Women: They Want to be Beautiful.

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I had the pleasure of not only seeing the docu-film Valentino: The Last Emperor last night in Bethesda (part of the Front Row events) but also talking privately with the filmmaker, Matt Tyrnauer. Who is completely droll and hilarious. The film opens with a fantastic, slightly kitschy montage of Valentino and his models over the past 45 years, set to “Bette Davis Eyes” (note to self: download immediately!). At the outset of the film, Valentino is asked, “What do women want?” to which he replies, “They want to be beautiful.” In that same interview, he says, “I love beauty. It’s not my fault.” That line could easily summarize the way he is portrayed in the film, which is, at times, alarmingly real. This is a man who is very clearly interested in being publicly famous, but who is also intensely private. The film is revealing in that it shows Valentino as a designer, boss, and a lover, without being deferential in its treatment of what we all know as a slick fashion brand.

We’re largely taken away from the glossy ads and marketing (but not to worry: there’s plenty of ooooooh-inducing fashion!). We see Valentino – the man – his bad (obnoxious, self-important moments, insistence that others read his mind) but also his good: his humor and charm, his creative talent and energy, and most wonderfully, the tender relationship between he and his longtime partner, Giancarlo. As Matt told me after the film, “it’s really a universal story about a relationship…how to make a 50-year marriage last.” You see them quarrel, but only the way two people who truly love, understand, and respect one another can. And at a time when gay marriage rights in this country are gaining some ground, it paints a portrait of a love just as complex as any.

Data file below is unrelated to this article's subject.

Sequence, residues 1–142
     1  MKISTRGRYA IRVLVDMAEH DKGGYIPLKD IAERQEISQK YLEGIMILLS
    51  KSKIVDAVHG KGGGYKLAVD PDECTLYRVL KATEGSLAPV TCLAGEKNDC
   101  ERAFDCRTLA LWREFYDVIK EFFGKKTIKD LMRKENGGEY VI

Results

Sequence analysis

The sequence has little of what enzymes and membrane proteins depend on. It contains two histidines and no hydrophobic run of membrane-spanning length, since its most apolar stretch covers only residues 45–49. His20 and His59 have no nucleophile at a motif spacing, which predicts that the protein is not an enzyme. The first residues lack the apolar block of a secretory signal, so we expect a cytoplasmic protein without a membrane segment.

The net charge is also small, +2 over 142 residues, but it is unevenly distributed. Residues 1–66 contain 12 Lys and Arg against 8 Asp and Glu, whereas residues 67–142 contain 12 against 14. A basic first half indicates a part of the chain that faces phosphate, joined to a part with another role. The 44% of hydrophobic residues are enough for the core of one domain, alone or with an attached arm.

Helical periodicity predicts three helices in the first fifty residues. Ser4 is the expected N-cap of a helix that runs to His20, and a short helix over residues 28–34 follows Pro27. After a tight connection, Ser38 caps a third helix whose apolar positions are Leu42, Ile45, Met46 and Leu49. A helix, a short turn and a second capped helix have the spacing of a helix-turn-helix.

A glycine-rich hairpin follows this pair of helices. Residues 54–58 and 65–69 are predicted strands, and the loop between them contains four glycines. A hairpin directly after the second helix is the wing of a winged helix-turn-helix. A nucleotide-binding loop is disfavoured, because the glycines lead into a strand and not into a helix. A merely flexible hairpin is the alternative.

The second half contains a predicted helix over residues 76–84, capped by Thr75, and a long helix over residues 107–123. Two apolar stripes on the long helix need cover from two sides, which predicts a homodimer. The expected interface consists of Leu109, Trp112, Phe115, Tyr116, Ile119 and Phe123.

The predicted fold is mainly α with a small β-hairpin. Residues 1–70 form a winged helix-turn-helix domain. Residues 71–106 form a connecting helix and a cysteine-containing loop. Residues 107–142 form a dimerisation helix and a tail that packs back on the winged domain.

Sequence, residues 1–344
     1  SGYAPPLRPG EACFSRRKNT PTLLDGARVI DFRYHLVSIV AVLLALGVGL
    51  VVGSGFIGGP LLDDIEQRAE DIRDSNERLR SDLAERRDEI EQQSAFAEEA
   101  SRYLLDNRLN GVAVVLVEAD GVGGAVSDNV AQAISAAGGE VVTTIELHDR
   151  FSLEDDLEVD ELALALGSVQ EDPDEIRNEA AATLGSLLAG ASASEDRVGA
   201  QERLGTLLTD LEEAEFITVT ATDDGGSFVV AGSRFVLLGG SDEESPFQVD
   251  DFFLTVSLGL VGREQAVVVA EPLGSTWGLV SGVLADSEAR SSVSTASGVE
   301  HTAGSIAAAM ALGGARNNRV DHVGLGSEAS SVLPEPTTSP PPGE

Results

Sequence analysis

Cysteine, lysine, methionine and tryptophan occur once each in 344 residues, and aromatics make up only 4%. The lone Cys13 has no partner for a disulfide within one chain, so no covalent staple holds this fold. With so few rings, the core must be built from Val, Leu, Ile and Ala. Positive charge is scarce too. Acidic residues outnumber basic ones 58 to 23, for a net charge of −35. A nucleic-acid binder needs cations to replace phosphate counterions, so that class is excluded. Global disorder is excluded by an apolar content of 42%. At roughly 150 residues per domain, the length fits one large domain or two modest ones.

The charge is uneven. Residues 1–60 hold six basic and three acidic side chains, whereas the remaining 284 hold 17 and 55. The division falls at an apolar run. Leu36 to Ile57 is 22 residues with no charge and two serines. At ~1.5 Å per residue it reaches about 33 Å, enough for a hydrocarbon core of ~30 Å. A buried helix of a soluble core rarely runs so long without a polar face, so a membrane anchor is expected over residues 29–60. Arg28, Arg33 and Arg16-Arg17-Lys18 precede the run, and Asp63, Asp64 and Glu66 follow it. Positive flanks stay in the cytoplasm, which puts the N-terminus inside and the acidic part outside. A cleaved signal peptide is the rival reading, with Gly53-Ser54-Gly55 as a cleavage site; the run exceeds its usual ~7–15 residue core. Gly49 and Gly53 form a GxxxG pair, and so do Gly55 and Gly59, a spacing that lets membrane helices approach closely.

Perhaps most interestingly, the film conflates Valentino’s future within his own company with the fate of the fashion industry. Valentino is portrayed as the last man standing of The Real Fashion Industry: from the era before things got global and became all about money and marketing and celebrities. Valentino announced his retirement shortly after the film wrapped. And now that the industry is struggling to hold onto its monied facade, it begs the question: has fashion lost its way?

If you missed the film last night, fear not: we hear there are plans to bring the film to downtown DC.

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